The events at Fatima in 1917 have occupied me on this blog before. Perhaps it is because of the haunting quality of the whole thing. Children, two of whom died young, saw a vision and the apparition made a prediction that was held in secret for decades. I’m not sure about you, but these days remembering most things for more than a few nanoseconds is a challenge. What was I saying? Oh yes, the Fatima incident. I recently read a book on Fatima, an unconventional book, but one which makes an intriguing case and raises a valid point. Heavenly Lights: The Apparitions of Fatima and the UFO Phenomenon by Joaquim Fernandes and Fina d’Armada draws compelling parallels between the many UFO reports that are in the public record and the strange events at Fatima, Portugal in the latter days of World War I. Immediately some people will be put off, since we have all been conditioned to ridicule the idea that, although there is almost certainly life in space, it would take the trouble to visit our neck of the universe. In the mantra of conventional thinking: it can’t be done. (Sounds rather like my career. What was I writing about, again?)
The valid point raised by the book is that many people are skeptical of the supernatural. That rules out a miracle for Fatima, since in a materialistic universe, miracles aren’t sanctioned. That leaves us with a crowd of at least 50,000 people, perhaps as many as 70,000, hallucinating at the same time. I mentioned this to a very bright college-aged student recently who responded, “Really? Who would believe that so many people saw the same hallucination at the same time?” That’s the official story, however, in the materialist camp. Just outside the tent are those who believe UFOs are material objects. They are in no way supernatural, just impossible (because nobody can fly fast enough to get here, what with light being so sluggish and all—and even if they could, why would they come here where we’re still pretty much all stuck to the surface of the globe?) I’m afraid I suffer from a surfeit of imagination. I like to wonder what might be possible.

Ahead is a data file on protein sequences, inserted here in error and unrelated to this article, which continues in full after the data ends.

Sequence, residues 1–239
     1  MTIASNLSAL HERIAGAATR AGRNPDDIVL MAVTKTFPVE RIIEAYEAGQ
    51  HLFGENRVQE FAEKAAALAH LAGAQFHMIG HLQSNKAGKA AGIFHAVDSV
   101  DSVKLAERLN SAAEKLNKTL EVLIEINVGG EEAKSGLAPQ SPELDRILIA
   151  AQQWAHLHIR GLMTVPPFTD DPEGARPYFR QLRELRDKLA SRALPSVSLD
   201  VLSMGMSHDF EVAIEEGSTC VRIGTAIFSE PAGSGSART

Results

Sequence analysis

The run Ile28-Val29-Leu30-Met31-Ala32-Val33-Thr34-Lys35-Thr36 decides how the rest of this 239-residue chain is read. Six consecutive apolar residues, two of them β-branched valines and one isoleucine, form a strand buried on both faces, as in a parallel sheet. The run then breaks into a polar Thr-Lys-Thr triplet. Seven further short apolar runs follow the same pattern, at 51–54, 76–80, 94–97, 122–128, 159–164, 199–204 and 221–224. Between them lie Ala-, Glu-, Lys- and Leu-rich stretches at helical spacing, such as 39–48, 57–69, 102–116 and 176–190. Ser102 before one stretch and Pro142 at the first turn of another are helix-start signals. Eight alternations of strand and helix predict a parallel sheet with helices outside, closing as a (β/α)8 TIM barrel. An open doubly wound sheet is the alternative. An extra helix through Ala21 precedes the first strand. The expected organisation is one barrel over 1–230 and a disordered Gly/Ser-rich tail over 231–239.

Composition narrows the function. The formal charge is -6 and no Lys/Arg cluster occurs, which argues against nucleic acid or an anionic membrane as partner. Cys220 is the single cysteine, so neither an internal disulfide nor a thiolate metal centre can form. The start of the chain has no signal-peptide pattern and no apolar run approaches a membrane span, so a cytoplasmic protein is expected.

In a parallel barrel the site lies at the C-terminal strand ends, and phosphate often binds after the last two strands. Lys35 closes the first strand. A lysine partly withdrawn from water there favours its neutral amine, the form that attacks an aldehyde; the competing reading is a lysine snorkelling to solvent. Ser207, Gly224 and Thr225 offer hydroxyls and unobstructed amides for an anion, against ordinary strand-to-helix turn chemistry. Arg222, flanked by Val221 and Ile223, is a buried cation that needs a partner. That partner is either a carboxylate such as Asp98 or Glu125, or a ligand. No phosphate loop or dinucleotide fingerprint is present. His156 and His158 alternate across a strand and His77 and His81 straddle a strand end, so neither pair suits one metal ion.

The point Fernandes and d’Armada are making is that rural folk in 1917 had no language to describe what they saw apart from religious language. Interestingly enough, the children were always a bit cagey when saying the woman they saw was the Virgin Mary. They recognized that others said she was, but then, the others didn’t see her. The book does not explore the fact that UFOs and religion have a somewhat long association. That doesn’t make interstellar travelers supernatural, though, just out for cheap thrills. Buzz earth a few times and a century later people will still be talking about it. Some will call it a miracle. Others will say it was a mass delusion. And the rest of us will scratch our heads.